Flood Infrastructure Fund Bill PassesSB 7 by Sen. Brandon Creighton (R-Conroe), which creates the Flood Infrastructure Fund, has passed both chambers and is headed to the governor. The fund will be administered by the Texas Water Development Board to make loans to political subdivisions — including counties— for flood projects, as well as loans for planning and design costs, permitting costs, and other costs associated with state or federal regulatory activities related to a flood project. The fund will also be used to provide grants to political subdivisions to provide matching funds for participation in a federal program for a flood project.

The fund consists of legislative appropriations, general obligation bond proceeds, dedicated fees, loan repayments, interest, gifts, grants and other sources. The primary source of funding will be $3.26 billion from the Economic Stabilization Fund. The effective date of the bill is Jan. 1, 2020, but only if HJR 4, providing for the creation of the Flood Infrastructure Fund, is approved by voters in the November 2019 general election.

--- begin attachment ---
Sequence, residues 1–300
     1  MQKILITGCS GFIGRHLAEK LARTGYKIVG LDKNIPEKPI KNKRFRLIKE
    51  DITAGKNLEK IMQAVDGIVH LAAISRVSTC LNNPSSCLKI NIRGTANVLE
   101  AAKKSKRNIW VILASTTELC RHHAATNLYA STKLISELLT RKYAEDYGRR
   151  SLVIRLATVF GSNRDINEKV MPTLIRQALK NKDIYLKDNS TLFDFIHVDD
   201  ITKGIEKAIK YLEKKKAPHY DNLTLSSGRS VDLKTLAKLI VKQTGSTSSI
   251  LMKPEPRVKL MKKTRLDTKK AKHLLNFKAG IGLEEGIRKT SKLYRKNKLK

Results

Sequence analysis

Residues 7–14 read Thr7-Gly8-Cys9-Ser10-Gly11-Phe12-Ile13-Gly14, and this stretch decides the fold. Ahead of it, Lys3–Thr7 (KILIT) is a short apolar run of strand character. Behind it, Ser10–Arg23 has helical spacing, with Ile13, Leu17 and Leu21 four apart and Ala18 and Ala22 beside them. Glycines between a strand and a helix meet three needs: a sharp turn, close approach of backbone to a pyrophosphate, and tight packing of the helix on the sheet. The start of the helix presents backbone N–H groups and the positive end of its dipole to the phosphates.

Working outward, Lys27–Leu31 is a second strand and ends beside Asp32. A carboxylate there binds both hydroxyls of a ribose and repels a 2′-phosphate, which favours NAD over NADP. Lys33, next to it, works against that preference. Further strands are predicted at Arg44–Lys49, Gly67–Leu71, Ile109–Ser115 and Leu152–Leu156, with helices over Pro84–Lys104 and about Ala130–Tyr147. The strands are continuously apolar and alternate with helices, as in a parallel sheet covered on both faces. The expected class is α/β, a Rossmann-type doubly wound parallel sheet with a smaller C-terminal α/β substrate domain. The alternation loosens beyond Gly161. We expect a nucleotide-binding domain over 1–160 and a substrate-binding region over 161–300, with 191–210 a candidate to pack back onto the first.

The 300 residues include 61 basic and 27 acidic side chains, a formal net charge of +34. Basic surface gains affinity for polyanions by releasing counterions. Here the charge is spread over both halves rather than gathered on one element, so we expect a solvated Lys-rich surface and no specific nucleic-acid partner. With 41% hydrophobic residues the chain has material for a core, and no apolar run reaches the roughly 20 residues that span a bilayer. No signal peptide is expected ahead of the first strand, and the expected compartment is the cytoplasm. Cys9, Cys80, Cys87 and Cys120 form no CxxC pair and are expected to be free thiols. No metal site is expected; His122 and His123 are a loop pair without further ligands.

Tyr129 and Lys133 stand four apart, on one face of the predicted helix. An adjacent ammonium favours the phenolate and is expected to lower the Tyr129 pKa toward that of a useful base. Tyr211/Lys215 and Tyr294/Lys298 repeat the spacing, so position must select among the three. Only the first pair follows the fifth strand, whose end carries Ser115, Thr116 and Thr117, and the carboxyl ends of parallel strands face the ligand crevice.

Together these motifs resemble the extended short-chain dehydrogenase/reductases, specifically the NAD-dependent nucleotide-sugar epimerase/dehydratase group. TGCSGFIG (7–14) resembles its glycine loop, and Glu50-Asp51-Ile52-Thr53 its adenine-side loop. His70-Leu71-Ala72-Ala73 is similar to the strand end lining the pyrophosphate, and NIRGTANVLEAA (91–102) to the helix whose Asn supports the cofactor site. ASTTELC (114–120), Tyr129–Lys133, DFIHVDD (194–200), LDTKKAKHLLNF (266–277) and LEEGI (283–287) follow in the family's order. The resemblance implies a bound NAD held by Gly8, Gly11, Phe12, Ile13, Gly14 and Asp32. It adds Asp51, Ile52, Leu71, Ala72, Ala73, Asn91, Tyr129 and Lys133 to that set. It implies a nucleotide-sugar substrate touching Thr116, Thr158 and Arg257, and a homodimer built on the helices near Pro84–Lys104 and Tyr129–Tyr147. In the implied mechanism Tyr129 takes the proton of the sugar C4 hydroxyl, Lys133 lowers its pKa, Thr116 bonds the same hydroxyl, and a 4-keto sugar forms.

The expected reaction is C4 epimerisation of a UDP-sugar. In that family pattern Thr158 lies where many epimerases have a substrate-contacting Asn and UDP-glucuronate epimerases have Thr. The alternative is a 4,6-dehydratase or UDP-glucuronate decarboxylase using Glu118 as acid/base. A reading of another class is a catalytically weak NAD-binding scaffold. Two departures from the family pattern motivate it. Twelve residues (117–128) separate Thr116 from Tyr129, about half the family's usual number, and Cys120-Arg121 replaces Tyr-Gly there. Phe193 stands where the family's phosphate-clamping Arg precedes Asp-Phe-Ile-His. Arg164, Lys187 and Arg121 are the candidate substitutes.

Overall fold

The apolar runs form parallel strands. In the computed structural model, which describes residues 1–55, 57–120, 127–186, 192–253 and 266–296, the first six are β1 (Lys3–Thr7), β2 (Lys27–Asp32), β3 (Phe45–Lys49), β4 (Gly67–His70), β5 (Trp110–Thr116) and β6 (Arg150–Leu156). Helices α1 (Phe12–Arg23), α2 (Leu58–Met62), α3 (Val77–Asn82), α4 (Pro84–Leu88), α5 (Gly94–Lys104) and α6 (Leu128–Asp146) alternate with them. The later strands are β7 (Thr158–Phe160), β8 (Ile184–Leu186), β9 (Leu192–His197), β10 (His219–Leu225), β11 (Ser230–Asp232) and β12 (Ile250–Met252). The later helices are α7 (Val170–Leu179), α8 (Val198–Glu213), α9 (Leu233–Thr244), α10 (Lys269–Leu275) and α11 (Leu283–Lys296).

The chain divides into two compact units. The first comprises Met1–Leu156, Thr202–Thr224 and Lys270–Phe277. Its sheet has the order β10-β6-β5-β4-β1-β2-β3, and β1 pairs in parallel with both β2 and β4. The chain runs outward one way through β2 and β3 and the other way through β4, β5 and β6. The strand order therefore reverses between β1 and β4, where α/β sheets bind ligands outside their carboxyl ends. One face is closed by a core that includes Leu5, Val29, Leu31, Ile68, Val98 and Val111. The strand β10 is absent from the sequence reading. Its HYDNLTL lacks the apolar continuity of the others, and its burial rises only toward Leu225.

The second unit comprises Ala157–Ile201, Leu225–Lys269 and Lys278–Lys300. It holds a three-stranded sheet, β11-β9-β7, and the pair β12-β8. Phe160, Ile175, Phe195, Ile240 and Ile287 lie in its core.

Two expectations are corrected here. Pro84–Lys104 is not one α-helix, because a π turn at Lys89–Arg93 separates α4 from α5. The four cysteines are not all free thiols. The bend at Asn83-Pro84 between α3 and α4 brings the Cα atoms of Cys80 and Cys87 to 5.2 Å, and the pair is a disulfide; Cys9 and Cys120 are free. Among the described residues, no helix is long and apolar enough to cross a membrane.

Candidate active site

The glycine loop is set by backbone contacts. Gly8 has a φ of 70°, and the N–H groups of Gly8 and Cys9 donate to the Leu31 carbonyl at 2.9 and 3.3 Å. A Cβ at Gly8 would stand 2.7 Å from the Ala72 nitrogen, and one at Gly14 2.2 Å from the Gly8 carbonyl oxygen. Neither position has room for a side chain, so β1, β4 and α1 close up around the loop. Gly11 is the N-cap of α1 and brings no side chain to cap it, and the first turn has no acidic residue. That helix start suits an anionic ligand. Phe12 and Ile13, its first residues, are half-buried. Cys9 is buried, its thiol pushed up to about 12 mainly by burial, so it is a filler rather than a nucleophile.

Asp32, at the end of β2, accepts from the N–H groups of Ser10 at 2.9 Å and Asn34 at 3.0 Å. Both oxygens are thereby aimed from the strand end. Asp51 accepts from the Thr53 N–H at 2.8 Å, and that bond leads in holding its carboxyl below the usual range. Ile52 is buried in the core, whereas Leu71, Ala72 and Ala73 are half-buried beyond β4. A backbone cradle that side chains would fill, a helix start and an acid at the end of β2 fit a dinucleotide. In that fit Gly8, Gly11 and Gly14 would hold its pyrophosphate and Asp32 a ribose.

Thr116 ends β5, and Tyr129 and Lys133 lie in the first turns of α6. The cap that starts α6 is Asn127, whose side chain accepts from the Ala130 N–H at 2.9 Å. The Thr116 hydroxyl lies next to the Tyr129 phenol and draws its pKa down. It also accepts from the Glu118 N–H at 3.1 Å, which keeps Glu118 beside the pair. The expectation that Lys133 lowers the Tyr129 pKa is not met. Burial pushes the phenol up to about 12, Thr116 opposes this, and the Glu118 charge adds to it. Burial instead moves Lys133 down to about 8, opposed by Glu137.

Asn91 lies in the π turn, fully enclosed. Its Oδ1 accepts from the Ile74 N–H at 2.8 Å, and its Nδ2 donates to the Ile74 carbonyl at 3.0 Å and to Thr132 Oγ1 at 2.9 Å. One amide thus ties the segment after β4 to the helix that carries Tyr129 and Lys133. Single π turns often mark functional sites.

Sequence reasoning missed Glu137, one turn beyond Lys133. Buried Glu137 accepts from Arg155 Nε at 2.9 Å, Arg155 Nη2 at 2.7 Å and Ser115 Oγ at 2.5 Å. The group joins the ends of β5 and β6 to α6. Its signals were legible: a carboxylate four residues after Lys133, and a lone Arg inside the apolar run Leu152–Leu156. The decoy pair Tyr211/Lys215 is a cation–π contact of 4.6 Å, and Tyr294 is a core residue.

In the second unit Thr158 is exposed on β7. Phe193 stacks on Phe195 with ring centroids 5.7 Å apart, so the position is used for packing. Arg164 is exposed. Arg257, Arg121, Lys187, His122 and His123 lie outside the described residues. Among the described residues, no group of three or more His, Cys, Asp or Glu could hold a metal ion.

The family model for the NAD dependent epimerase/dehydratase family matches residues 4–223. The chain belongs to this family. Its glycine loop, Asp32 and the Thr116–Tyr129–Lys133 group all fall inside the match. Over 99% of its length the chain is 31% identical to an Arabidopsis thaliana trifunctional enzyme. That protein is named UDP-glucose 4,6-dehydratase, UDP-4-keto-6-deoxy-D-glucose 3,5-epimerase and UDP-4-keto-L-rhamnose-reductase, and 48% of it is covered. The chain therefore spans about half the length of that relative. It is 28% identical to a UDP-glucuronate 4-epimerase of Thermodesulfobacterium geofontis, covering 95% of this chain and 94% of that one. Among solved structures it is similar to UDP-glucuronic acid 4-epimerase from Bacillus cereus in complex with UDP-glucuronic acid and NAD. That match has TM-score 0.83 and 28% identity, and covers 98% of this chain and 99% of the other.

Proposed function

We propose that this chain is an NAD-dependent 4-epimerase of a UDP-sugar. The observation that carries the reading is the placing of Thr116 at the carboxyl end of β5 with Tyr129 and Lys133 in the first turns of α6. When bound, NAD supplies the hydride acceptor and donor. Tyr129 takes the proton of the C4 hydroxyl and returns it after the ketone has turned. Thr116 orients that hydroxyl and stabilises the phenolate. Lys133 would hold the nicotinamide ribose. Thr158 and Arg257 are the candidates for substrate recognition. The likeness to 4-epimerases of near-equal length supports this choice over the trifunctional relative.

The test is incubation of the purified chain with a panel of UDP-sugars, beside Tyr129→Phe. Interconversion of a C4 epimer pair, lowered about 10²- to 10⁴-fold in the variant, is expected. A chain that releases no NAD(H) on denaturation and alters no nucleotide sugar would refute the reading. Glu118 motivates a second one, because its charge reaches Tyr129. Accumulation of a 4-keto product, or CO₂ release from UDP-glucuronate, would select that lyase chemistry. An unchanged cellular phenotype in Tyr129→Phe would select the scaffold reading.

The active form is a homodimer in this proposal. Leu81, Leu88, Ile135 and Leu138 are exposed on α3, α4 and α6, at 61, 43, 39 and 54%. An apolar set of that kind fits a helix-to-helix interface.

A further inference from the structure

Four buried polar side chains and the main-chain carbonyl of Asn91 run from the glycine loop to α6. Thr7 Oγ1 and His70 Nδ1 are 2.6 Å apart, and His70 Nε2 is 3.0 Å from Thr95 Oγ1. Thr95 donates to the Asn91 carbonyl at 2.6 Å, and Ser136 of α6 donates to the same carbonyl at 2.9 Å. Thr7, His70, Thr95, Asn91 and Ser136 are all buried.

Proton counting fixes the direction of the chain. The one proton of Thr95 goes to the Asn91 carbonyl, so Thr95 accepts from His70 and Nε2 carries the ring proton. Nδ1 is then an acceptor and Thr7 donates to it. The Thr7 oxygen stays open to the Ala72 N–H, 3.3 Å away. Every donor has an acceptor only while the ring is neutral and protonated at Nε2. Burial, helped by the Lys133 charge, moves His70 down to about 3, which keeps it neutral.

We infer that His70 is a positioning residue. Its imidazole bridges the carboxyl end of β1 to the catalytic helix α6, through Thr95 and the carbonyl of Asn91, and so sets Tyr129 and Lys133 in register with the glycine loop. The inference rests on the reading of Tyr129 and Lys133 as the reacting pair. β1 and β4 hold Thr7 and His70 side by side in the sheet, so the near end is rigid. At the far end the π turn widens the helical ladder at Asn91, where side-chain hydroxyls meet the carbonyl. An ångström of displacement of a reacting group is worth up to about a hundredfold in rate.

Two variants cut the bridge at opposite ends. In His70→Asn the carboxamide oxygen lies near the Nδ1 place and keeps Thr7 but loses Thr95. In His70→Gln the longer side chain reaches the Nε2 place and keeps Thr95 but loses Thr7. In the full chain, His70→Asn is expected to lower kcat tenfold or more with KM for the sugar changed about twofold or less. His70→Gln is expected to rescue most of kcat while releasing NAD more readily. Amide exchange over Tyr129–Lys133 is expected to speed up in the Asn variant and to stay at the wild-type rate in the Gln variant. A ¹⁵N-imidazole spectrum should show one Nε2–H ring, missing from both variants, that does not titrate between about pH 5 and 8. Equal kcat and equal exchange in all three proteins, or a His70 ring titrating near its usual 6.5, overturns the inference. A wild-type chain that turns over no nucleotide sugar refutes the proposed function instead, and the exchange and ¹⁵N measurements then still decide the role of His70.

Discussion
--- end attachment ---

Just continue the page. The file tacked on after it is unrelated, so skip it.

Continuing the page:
Priority Mental Health Bill Finds a Path Forward – A priority mental health bill, SB 10 by Senate Finance Chair Jane Nelson (R-Flower Mound) and sponsored by House Appropriations Chair John Zerwas (R-Richmond), was revived this week after being “killed” on a technical “point of order” raised by Rep. Jonathan Stickland (R-Bedford).